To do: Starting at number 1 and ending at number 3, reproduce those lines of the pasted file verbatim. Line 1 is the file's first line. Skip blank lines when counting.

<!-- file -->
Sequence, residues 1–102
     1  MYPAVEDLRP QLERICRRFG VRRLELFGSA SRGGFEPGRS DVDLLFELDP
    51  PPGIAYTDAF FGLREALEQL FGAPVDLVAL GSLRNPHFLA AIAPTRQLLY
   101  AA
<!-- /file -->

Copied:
Sequence, residues 1–102
     1  MYPAVEDLRP QLERICRRFG VRRLELFGSA SRGGFEPGRS DVDLLFELDP
    51  PPGIAYTDAF FGLREALEQL FGAPVDLVAL GSLRNPHFLA AIAPTRQLLY